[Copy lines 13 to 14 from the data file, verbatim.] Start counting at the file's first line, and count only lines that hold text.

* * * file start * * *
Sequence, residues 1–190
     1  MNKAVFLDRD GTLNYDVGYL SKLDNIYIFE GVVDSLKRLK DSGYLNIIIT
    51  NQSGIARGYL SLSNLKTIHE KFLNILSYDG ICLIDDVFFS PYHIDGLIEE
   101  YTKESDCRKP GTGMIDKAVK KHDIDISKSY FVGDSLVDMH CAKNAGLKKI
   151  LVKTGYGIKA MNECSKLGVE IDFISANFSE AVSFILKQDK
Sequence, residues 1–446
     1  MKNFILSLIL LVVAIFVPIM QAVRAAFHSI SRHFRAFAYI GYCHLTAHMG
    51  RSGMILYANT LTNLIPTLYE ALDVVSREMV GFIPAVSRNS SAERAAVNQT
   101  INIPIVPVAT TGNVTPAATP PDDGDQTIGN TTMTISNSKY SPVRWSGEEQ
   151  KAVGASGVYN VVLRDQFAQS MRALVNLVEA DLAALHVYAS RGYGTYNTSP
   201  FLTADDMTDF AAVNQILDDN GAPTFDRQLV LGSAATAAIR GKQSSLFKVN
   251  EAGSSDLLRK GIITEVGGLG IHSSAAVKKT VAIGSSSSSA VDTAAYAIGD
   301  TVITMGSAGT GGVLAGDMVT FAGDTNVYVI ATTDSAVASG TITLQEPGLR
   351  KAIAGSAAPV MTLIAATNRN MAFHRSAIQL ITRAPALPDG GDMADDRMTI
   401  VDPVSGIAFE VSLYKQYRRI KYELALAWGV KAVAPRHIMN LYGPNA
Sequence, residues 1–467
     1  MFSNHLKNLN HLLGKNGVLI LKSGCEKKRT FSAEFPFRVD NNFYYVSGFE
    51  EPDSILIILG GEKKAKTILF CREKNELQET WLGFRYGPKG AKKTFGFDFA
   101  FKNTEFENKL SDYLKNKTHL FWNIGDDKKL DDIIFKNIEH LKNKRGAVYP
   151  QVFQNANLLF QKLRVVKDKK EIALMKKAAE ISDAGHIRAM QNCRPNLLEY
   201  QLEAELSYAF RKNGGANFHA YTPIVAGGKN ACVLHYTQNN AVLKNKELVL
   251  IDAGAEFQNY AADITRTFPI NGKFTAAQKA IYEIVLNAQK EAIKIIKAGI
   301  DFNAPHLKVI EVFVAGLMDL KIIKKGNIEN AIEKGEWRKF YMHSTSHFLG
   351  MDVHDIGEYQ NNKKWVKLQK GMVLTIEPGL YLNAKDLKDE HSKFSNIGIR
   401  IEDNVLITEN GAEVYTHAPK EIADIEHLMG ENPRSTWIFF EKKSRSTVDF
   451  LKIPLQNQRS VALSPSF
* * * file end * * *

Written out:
   301  TVITMGSAGT GGVLAGDMVT FAGDTNVYVI ATTDSAVASG TITLQEPGLR
   351  KAIAGSAAPV MTLIAATNRN MAFHRSAIQL ITRAPALPDG GDMADDRMTI